Commands by suyashjain (3)

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Show all detected mountable Drives/Partitions/BlockDevices
Yields entries in the form of "/dev/hda1" etc. Use this if you are on a new system and don't know how the storage hardware (ide, sata, scsi, usb - with ever changing descriptors) is connected and which partitions are available. Far better than using "fdisk -l" on guessed device descriptors.

detach remote console for long running operations
Starts midnightcommander and allows you to detach the console; use ctrl-\ to detach Then at a later time you can reconnect using $ dtach -a /tmp/wires-mc In my experience dtach works much better for programs like irssi, mutt, mc, aptitude than screen does.

Pimp your less
# s = combine multiple lines of whitespace into 1 # x4 = set the tabstop to 4 instead of 8 # F = Exit if the output fits on 1 screen. This is similar to git diff # R = Raw control chars. This allows you to pipe colordiff straight to less. ie: alias sdi="svn diff | colordiff | less" # S = Chop off long lines # X = Dont send termcap init and deinit scrings to the terminal

Convert seconds to [DD:][HH:]MM:SS
Converts any number of seconds into days, hours, minutes and seconds. sec2dhms() { declare -i SS="$1" D=$(( SS / 86400 )) H=$(( SS % 86400 / 3600 )) M=$(( SS % 3600 / 60 )) S=$(( SS % 60 )) [ "$D" -gt 0 ] && echo -n "${D}:" [ "$H" -gt 0 ] && printf "%02g:" "$H" printf "%02g:%02g\n" "$M" "$S" }

A fun thing to do with ram is actually open it up and take a peek. This command will show you all the string (plain text) values in ram

Run a command that has been aliased without the alias
Most distributions alias cp to 'cp -i', which means when you attempt to copy into a directory that already contains the file, cp will prompt to overwrite. A great default to have, but when you mean to overwrite thousands of files, you don't want to sit there hitting [y] then [enter] thousands of times. Enter the backslash. It runs the command unaliased, so as in the example, cp will happily overwrite existing files much in the way mv works.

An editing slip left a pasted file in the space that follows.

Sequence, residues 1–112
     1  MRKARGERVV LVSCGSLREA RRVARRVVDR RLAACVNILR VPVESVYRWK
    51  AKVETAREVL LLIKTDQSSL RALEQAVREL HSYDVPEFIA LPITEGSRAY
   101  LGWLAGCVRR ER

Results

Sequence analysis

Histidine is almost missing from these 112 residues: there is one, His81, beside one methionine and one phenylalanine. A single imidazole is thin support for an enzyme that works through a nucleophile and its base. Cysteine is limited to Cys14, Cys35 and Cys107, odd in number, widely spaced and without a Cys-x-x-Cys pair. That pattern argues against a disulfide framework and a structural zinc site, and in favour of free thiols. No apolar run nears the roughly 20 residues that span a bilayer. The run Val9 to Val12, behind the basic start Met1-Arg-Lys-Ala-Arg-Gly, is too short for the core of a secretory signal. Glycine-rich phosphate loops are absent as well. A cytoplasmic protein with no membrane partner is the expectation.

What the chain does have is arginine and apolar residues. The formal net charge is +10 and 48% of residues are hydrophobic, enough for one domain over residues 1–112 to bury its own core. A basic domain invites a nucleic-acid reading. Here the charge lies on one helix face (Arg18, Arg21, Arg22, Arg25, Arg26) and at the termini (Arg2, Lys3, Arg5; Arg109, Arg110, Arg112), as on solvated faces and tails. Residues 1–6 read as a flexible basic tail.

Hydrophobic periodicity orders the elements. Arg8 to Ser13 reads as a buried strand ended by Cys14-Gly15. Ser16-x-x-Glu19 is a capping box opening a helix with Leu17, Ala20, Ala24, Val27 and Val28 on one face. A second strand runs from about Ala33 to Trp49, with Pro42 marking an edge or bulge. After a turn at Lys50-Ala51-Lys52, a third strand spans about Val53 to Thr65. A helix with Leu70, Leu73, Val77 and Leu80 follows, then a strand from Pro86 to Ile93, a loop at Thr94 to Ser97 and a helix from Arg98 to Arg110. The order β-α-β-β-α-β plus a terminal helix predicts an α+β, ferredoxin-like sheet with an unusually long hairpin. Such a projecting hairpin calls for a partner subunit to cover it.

Delete .svn directories and content recursively
Use carefully have rm -rf ;-)

show the real times iso of epochs for a given column
When you have one of those (log)files that only has epoch for time (since no one will ever look at them as a date) this is a way to get the human readable date/time and do further inspection. Mostly perl-fu :-/

Watch several log files in a single window
It works like a "tail -f" on several files. Use the number keys 0-9 to set a baseline in the numbered window. Pressing "b" let you scroll back in one of the windows.

Check if a package is installed. If it is, the version number will be shown.
If the first two letters are "ii", then the package is installed. You can also use wildcards. For example, . $ dpkg -l openoffice* . Note that dpkg will usually not report packages which are available but uninstalled. If you want to see both which versions are installed and which versions are available, use this command instead: . $ apt-cache policy python


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